"As I wrote this book, I established a set of rules for my writing. One of the first rules was that I had to name specific sums whenever I talked about money. Another rule was that I had to talk about money. These rules were a direct refusal of what I understood to be the rules of polite conversation around money: 1) Don’t talk about it. 2) If you do talk about it, don’t be specific. 3) Minimize what you have. 4) Emphasize that you’ve earned it. 5) Never forget that work is the story we tell ourselves about money." (p. 284).
The house Biss owns, where she lives with her husband and son, has a big role in her thoughts. It seems both a mystery and a miracle to her. She describes her feelings about having enough money to own this house, on Chicago's South Side, while in earlier times of her life she had barely had the money for a deteriorating apartment. She thinks about the Diggers in the 1960s in San Francisco, as described by Joan Didion. They "wrote and published for themselves, printing broadsides that critiqued the hippies. They were the counterculture to the counterculture. The Diggers would go on to provide free health care in the Haight-Ashbury and run a free bakery and stock free stores with things that had been discarded but were still good." (p. 115). Also, as she worries about the topics of class and ownership, she looks back at many historic moments, such as the original "Diggers" --
"In 1649, Gerrard Winstanley led the Diggers in an act of protest, the digging and planting of a patch of vacant land outside London. Their plan was to give the food they grew to anyone who worked with them, and to forge a new economy— not feudalism and not capitalism either." (p. 266).
Obviously, many economists have written about money -- Biss describes her readings from these men (I don't think she included any women) including Karl Marx. Here's a sentence that kind of sums up her views about them: "Three men won the Nobel Prize for economics in 2013...— two of them for theories that directly contradicted each other." (p. 53).
For the most part, the essays in Having and Being Had are personal. Biss feels that she has almost escaped from the class of people known as the "precariat." What class is that? --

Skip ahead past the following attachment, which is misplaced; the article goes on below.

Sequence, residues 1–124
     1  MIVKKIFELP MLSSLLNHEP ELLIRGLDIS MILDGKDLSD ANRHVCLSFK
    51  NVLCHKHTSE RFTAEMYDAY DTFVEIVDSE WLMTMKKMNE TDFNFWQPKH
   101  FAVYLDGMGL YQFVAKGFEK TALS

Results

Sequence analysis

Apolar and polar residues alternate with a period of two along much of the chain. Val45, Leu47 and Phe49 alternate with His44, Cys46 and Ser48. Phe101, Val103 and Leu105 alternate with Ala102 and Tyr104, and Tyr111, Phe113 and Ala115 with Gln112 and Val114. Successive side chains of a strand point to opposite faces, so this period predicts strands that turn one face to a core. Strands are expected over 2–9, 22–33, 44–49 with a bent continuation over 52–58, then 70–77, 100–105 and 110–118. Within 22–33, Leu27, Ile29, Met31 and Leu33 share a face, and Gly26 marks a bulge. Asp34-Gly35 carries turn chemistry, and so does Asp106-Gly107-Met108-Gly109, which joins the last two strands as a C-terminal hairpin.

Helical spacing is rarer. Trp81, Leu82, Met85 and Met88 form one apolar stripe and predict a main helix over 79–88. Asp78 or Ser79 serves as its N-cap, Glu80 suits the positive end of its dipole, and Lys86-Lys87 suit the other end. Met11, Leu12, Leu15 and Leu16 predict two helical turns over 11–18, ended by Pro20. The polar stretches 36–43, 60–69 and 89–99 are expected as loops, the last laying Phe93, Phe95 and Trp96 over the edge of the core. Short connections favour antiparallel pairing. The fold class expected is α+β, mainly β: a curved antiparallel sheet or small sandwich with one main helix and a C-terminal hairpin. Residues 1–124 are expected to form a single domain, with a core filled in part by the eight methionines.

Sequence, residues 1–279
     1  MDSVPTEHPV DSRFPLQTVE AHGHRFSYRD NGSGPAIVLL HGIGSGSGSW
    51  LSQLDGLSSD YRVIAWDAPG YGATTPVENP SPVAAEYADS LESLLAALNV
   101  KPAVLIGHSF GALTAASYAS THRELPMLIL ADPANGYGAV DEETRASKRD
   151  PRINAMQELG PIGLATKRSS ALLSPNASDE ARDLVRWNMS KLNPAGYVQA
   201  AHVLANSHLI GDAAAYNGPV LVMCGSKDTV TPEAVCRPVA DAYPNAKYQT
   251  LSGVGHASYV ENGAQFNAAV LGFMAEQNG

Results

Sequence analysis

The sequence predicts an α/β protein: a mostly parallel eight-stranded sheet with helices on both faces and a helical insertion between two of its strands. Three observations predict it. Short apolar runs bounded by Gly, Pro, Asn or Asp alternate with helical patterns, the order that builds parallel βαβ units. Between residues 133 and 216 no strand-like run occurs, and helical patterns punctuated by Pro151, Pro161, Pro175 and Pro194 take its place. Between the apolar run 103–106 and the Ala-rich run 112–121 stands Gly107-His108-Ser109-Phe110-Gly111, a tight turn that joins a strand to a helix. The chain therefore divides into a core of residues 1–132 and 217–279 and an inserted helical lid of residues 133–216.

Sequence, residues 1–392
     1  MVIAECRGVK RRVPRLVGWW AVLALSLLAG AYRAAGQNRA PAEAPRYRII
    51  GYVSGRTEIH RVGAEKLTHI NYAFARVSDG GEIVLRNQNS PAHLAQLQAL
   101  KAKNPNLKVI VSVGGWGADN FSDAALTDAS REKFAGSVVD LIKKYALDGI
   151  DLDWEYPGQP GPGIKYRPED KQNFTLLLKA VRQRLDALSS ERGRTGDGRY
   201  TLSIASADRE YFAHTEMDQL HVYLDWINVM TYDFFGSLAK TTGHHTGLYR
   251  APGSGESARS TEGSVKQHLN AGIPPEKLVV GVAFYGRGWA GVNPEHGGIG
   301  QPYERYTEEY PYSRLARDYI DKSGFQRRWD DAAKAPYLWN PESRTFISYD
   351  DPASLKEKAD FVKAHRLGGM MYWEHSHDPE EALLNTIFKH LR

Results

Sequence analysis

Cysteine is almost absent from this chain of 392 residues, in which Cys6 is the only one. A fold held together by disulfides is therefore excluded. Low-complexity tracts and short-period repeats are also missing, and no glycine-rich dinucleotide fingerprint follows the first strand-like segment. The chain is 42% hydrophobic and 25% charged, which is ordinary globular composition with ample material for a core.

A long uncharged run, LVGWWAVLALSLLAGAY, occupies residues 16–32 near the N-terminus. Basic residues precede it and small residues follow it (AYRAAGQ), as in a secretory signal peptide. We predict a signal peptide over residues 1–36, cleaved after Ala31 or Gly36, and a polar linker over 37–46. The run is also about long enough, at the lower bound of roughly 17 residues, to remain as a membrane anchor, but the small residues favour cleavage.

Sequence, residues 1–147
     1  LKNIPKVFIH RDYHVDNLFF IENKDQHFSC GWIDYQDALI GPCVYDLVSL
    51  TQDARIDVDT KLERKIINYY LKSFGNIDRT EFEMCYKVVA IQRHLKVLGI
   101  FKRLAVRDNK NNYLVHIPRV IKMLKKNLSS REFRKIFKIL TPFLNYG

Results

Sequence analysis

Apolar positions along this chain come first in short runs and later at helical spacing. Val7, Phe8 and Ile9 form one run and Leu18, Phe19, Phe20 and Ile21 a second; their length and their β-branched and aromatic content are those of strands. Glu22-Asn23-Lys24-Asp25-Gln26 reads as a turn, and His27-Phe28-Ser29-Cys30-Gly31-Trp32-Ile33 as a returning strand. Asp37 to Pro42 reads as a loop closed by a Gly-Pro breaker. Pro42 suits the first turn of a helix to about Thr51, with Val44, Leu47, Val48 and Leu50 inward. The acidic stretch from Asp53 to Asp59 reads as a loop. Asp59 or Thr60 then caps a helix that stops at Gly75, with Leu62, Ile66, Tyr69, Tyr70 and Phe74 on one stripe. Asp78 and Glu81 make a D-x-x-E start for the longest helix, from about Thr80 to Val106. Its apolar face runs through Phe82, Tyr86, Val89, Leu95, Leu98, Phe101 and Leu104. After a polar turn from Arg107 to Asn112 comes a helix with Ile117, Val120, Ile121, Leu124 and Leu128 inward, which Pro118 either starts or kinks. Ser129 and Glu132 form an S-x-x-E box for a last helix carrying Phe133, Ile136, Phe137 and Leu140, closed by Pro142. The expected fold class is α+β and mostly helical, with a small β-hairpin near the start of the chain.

"'Everybody, actually' is the economist Guy Standing’s answer to his own question, 'Who enters the precariat?' By everybody, he means potentially anybody. Illness or disability can force somebody into the precariat, as can divorce, war, or natural disaster. The precariat is composed of migrant workers and temp workers and contract workers and part-time workers." (p. 235).
Joan Didion, Emily Dickinson, Virginia Woolf, Czesław Miłosz, Gertrude Stein, and Alice B. Toklas, among others, all wrote at least a bit about money and its role in society, and I especially enjoyed the way Biss makes use of their thoughts. The views are apparent both in their writings and in their life stories.
On Virginia Woolf, she cites the book Mrs. Woolf and the Servants: An Intimate History of Domestic Life in Bloomsbury by Alison Light, and also Woolf's A Room of One's Own. There are contradictions, she shows, between Woolf's ideals about her own life and the way she treated her faithful and vastly underpaid cook Nellie.
Alice Toklas enabled Gertrude Stein to be Gertrude Stein by acting as her servant and helper, a role that fascinates Biss. She wrote:
"Gertrude had some fun with a photographer who wanted to take pictures of her doing everyday tasks like packing a suitcase or talking on the telephone. She couldn’t do those things, she told the photographer, because Miss Toklas packed her suitcase and Miss Toklas handled her calls. Miss Toklas also typed her manuscripts. Finally, the photographer asked her what she could do, and she told him she could remove her own hat and drink a glass of water." (pp. 141-142).
As is now well-known, Gertrude Stein's family treated Alice Toklas very badly after Stein died. Although they had lived as a married couple, the law and Stein's relatives allowed Alice nothing of Stein's estate, and she was thus impoverished (but to the benefit of posterity because she had to write her cookbook to make money). I enjoyed reading what Biss wrote about Stein and Toklas, though I wish she had also discussed the essay "Money" where Stein asked "Is money money or isn't money money." (source)
About Emily Dickinson we learn:
"Dickinson never owned any property herself. She died in her father’s house, the house he willed to her brother. And her garden was worked by a man her father hired to dig for her. I had some things that I called mine, she wrote of the garden, And God, that he called his. The garden was hers until frost killed the plants in the fall, when her domain was reclaimed. The lesson being, James Guthrie writes, 'that ownership of all kinds is a precarious business at best, or at worst, a form of self-delusion.'" (p. 122).
I really liked this book. Strange personal note: I've always been fascinated by the Diggers in the San Francisco Bay area in the 1960s. When we left Berkeley, we were clearing out all our stuff -- and I gave all my unwanted clothing to the Diggers, including a creepy fur thing (the kind with little paws and glass eyes) that my great-aunt had insisted I take from her, but which I couldn't stand. A funny memory.
This review © 2021 mae sander.